Medical Treatment: Decisions and the Law

1. Consent – General

Introduction

The legality of all medical treatment is founded on the existence of consent or some other lawful authority. The general principle is that no form of medical treatment can be given without either the consent of the capable patient, or, if the patient is a child or an incapable adult, either the consent of someone with the authority to give consent on the patient’s behalf or the authority of the court; 1 or, if the patient is incompetent and aged over 16, by reason of the common law doctrine of necessity (as applied within the statutory regime of the Mental Capacity Act 2005 (‘MCA ’)). The very structure of the last sentence reflects the convoluted nature of the law in this area, which is a result of its piecemeal, largely accidental development.

This chapter addresses those cases in which consent is or should be obtained. Although the provision of medical treatment and consent to it may form a legal contract, it need not do so. The process, however, is similar: there must be a proposal to treat (or ‘offer’ in contractual parlance); a communication of that proposal or offer; understanding of what is proposed; consent to or acceptance of it; and communication of the consent or acceptance by a patient possessing the relevant capacity. The ingredients necessary for a contract which will often be missing in the context of the National Health Service will be consideration for the offer of treatment, and intention to form legal relations in the contractual sense.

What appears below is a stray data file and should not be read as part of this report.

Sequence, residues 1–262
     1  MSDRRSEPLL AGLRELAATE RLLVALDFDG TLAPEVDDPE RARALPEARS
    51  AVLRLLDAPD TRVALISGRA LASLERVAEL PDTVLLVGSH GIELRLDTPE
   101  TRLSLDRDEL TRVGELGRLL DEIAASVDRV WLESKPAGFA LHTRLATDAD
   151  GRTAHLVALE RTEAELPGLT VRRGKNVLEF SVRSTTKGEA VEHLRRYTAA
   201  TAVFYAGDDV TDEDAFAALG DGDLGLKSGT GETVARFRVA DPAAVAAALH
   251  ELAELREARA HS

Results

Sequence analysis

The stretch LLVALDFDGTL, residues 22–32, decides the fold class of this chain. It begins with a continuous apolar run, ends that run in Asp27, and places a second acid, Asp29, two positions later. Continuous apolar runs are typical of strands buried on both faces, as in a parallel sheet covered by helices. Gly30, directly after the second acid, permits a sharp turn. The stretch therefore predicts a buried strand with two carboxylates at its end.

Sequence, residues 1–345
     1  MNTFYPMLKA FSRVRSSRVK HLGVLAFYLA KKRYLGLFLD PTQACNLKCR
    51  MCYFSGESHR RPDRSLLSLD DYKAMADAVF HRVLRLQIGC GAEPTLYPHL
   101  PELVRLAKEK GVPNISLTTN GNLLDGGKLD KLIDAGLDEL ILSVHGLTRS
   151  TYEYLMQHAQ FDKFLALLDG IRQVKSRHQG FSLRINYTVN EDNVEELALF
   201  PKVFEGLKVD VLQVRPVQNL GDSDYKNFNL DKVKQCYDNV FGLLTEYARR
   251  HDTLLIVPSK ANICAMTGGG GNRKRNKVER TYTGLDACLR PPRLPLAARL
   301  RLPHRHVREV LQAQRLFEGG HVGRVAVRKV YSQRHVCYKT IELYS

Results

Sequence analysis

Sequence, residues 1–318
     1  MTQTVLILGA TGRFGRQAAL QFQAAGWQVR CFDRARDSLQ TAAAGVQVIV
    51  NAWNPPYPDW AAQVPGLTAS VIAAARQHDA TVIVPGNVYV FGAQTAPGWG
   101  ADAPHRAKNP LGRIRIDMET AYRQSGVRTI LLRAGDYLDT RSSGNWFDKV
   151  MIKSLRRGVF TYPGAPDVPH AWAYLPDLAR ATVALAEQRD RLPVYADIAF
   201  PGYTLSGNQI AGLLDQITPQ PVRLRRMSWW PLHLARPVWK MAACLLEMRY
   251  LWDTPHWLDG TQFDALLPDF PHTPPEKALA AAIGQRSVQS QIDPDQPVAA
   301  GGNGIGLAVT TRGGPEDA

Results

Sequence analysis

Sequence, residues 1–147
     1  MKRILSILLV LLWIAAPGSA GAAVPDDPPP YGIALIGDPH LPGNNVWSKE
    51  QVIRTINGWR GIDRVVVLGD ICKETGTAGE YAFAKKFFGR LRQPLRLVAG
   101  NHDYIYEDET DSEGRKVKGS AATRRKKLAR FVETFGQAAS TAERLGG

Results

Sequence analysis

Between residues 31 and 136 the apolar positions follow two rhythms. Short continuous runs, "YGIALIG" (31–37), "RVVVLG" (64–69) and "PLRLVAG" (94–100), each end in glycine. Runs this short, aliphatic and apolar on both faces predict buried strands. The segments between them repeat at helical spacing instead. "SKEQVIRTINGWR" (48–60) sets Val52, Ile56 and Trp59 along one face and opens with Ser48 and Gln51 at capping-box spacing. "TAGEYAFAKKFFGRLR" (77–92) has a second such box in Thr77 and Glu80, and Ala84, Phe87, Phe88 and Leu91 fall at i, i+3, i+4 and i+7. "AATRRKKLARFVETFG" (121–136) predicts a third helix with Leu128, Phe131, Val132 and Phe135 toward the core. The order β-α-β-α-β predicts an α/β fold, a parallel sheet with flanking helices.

Contents

  • A Framework  1.1
  • Introduction 1.1
  • Proposal to treat  1.3
    • Formulation of proposal  1.3
    • Risks of treatment  1.4
    • Alternative forms of treatment 1.5
    • Compelling a doctor to treat  1.6
    • Irrational decisions by care providers to refuse treatment 1.7
    • Resources  1.8
    • Treatment demanded by the patient 1.9
  • Communication of the proposal  1.10
  • Consent – state of mind  1.13
    • Intention  1.13
    • Comprehension 1.14
  • Communication of consent 1.15
    • Written consent 1.16
    • Oral consent  1.17
    • Conduct  1.18
  • Information about risks  1.19
  • No doctrine of informed consent in relation to trespass to the person 1.19
  • Duty of care – common law position  1.20
  • The test of materiality  1.21
  • Duration of the duty to advise on all material risks 1.22
  • Article 8  1.23
  • Delegation  1.24
  • Duty to answer questions  1.25
  • Information about alternative forms of treatment 1.27
  • Known comparative outcomes 1.28
  • Vitiating factors 1.30
  • Fraud  1.31
  • Duress and undue influence 1.32
  • Capacity  1.33
  • Scope of authority  1.34
  • Duration of authority  1.35
  • Withdrawal of authority 1.37
  • Conclusion  1.38
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